Finding my ancestral lands

We started laughing halfway up the hill. Bent double to duck the clutching branches of the thick spruce forest, tripping on the plastic ponchos we’d bought that morning at the Fortress of Louisbourg, my sister and I could hear the Atlantic Ocean booming on the sandy shore of Kennington Cove. Mercifully, the first rain we’d encountered on our trip to Cape Breton Island that dry summer of 2001 had discouraged beachgoers. There was no one to witness the mad plunge of two 50-plus women through the sodden undergrowth toward, we hoped, the site of our Scottish great-great-grandfather’s homestead.

For years, we had talked about going to Nova Scotia together to trace our family’s early days in this land. Nova Scotians by birth, we’d grown up in Ontario, visiting the Maritimes only twice on vacations with our parents. Finally, my sister, Pat Doig, joined me in Toronto from Saskatoon, and the two of us headed east on a hot August afternoon. “Our trip was as exciting as going to Paris to me,” she claimed. “I’d forgotten the visual impact of the Maritimes, how much of it was forest and lakes or rivers. Then, there were little snahot moments, places we may have passed with Mum and Dad that made me think of them a lot. It was also a ‘sister’ journey, with the two of us on own, stopping whenever we felt like it to hunt through antique shops. But mostly it was a search for family. And you have to go back to the land to feel close to your ancestors.”

Our last visit to “the cove,” as it was always known in our family, had been 40 years earlier, shortly before all of the land in the area was expropriated for the reconstruction of the Fortress of Louisbourg, a National Historic Site. (Wolfe had landed at Kennington Cove in 1758 and then captured the fortress.) To return the area to the 18th century, all buildings in the area, including the MacAulays’ sturdy family home had been razed and burned (along with the Gaelic church down the road). The sweeping view of the ocean our grandmother had loved was gone, blocked by an impenetrable screen of spruces. Indeed, the land must have looked much the same as it had when her grandfather and his family arrived in the late 1830s from North Uist (pronounced yoo-ist), in the Outer Hebrides, the remote string of islands off Scotland’s west coast.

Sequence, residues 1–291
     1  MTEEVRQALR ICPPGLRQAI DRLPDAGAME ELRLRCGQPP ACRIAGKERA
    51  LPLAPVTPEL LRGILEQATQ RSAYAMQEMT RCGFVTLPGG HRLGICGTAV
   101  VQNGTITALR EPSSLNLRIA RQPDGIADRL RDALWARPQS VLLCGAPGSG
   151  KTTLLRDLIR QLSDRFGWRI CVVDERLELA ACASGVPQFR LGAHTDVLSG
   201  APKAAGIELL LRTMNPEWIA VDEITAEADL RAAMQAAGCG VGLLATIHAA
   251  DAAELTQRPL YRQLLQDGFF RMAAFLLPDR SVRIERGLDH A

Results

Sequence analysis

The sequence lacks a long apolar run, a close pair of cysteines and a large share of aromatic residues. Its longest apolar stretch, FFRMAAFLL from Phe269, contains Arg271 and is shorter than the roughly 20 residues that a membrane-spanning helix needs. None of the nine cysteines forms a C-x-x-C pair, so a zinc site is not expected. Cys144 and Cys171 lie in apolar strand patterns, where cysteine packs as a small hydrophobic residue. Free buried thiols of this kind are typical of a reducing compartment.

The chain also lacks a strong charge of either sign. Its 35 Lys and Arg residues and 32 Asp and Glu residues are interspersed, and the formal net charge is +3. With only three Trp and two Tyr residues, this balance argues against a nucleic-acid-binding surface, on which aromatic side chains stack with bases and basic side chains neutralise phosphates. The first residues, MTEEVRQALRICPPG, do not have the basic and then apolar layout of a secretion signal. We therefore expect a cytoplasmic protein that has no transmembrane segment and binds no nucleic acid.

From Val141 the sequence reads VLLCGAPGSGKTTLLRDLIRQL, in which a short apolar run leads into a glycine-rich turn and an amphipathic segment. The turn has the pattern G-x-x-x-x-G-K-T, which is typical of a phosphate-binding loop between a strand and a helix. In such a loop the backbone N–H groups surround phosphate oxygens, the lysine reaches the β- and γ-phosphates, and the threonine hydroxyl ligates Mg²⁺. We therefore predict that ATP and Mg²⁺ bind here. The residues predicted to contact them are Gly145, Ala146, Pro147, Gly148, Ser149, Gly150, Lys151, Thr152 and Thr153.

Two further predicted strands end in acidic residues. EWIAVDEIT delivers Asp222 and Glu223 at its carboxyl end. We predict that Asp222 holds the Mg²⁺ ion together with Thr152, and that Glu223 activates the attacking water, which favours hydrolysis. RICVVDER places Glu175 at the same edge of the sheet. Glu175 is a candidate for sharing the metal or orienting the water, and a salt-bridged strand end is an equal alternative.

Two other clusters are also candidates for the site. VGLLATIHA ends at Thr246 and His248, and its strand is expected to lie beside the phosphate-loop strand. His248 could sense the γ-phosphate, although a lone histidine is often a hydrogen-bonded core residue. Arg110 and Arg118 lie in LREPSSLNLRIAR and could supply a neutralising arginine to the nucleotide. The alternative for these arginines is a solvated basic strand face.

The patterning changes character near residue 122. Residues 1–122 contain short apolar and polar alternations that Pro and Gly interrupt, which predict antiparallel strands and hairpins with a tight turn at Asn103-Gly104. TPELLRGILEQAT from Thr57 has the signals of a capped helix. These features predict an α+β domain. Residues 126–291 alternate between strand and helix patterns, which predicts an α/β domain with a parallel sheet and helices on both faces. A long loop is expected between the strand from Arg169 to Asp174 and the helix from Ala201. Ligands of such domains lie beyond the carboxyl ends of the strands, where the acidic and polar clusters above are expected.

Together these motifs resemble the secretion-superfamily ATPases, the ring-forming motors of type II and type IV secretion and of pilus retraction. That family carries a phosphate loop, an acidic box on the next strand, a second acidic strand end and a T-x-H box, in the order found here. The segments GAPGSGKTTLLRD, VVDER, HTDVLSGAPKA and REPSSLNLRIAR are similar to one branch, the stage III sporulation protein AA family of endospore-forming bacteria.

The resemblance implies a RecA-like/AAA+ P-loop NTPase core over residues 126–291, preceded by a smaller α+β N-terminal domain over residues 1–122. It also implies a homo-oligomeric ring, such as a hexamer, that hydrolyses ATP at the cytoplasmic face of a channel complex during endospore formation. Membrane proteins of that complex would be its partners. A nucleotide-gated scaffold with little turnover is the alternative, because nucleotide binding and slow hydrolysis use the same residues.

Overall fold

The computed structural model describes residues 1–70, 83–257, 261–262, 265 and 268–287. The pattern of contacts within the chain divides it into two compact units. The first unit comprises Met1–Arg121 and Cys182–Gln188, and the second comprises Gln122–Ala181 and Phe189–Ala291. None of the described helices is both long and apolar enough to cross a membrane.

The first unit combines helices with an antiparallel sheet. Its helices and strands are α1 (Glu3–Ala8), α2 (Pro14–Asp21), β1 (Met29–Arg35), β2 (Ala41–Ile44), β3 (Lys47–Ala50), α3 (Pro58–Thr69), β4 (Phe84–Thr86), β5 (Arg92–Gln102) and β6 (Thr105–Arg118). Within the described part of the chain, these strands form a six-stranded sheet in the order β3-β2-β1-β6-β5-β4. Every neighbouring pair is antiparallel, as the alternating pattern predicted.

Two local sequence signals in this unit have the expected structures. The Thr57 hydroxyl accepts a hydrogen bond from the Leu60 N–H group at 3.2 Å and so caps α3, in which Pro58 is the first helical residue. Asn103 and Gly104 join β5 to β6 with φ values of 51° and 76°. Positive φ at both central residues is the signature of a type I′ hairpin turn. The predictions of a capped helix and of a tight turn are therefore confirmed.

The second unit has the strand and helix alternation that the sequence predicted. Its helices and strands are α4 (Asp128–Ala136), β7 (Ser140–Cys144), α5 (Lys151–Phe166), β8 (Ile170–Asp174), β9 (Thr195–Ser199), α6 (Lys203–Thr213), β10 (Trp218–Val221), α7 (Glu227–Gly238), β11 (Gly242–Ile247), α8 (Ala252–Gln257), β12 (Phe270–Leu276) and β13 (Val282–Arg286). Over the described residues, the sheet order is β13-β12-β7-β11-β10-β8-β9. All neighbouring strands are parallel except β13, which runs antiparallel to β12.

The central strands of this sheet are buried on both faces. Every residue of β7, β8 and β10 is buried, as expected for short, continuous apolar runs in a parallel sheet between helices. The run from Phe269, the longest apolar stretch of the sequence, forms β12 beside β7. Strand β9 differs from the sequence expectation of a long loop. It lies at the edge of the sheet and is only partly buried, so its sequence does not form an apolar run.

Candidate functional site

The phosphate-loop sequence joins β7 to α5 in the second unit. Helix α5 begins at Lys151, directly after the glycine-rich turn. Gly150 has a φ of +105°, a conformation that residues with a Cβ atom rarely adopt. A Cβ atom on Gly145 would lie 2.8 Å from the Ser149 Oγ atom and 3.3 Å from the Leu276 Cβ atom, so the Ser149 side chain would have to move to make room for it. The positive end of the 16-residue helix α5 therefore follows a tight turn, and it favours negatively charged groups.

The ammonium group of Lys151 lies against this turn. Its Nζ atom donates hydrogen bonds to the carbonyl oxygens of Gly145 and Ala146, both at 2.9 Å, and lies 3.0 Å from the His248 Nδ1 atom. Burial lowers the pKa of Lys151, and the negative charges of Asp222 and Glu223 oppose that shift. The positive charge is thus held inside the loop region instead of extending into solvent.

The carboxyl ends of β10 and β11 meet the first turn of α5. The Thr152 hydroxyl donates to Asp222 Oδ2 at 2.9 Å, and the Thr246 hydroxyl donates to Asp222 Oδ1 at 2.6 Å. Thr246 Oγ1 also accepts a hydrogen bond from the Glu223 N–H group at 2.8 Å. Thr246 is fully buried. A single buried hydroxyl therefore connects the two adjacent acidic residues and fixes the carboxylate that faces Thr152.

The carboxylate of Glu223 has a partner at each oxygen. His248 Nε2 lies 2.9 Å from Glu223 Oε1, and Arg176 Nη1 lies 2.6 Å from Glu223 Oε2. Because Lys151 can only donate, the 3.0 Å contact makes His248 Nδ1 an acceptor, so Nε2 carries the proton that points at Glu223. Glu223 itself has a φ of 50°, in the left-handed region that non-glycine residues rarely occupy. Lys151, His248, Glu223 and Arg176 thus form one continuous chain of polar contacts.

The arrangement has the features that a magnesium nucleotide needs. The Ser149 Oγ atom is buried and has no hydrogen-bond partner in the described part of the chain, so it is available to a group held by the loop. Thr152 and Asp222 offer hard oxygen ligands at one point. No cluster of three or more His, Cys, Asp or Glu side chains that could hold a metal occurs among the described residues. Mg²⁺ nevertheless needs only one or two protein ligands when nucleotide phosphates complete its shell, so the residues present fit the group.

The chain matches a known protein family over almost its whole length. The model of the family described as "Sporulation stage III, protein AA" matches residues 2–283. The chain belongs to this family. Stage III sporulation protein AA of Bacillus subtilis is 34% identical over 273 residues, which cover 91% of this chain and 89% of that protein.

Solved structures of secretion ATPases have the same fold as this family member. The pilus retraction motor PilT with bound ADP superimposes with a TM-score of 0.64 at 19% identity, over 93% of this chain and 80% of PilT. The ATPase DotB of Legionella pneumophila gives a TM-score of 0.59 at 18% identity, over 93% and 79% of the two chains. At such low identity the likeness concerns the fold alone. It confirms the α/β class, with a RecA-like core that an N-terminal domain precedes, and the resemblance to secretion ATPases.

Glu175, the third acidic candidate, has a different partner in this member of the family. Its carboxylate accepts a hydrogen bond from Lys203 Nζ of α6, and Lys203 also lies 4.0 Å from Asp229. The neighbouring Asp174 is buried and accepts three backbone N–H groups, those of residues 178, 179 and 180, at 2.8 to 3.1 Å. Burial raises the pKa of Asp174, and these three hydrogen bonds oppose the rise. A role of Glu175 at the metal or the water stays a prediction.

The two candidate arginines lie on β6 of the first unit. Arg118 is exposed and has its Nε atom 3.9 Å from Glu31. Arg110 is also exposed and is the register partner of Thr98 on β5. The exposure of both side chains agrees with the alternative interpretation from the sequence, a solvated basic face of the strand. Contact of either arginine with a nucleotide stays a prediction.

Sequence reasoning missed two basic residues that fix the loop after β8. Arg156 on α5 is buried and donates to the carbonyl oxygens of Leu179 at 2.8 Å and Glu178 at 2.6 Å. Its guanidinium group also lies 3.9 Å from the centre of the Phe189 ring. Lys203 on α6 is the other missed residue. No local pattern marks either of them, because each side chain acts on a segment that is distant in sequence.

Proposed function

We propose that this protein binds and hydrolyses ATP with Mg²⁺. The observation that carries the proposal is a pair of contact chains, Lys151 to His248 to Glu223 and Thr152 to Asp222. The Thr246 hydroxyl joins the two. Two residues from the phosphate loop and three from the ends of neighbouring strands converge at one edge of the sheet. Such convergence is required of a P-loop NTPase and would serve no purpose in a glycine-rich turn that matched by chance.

Swapping lore and memories
We swapped photographs and bits of family lore with relatives in Halifax. As children, they’d summered with our grandmother at the cove. Our cousin Olive Tingley pointed out a bare outcropping above the beach in one of our photos. “Go straight up from there and you should find the place,” she said, noting that all that was probably left would be the small foundation of the home’s cold room that had stored root vegetables.

But we did find it, a line of stacked stones nestled in the earth among wildflowers and raspberry bushes, part of a foundation that represented a better life than the marginal existence our ancestors had endured in Scotland. As insignificant as the ruin appeared, it made our trip worthwhile. Pat and I were thrilled to find this small link to our pioneering forebears. We felt closer to the hardworking John MacAulay, our great-great-grandfather who had had the courage to leave loved ones forever, to bring his young family to this remote farm.

Like many immigrants coming to Canada today who find community in both rural and city centres, the Hebrideans were helped by family and friends who had settled in Cape Breton before them. Used to hard work and dependent on one another for survival in those islands off Scotland’s western shores, they brought a strong sense of family connection. (Even today, the first questions a Maritimer is likely to ask are: “Who’s your father? Where are you from?”)

Next page: Searching further afield

The Western Isles
The Outer Hebrides had always seemed so far away to me, but the reality is they’re easily reached by air or sea. Almost a year after the trip to Kennington Cove, my husband, Ted Barris, and I, excited and curious, stood on the deck of a Caledonian MacBrayne Ltd. ferry chugging into the harbour at Stornoway on the isle of Lewis.

With 8,000 residents, the town is by far the largest in the islands. A palm tree in a front yard signalled that although the weather can be wet and windy, the climate in the Hebrides is moderated by the Gulf Stream. In brilliant sunshine, we walked to Stornoway’s Museum nan Eilean to see Island Lives, an exhibition that included a model of the smoky, dark interior of a typical, comfortless 19th-century croft home. (The land holdings were purposely made too small to sustain a family, so most crofters had to find paying jobs and provided a source of labour for landlords.) We saw how the men harvested kelp, fished or went to sea to earn money, and how wives and children gathered seaweed to nourish the thin soil in lazy-beds — laboriously built raised rows for vegetable gardens. Peat cutting was a vital activity in the treeless islands. Women commonly transported the dried fuel in large creels (baskets) hunched over their backs.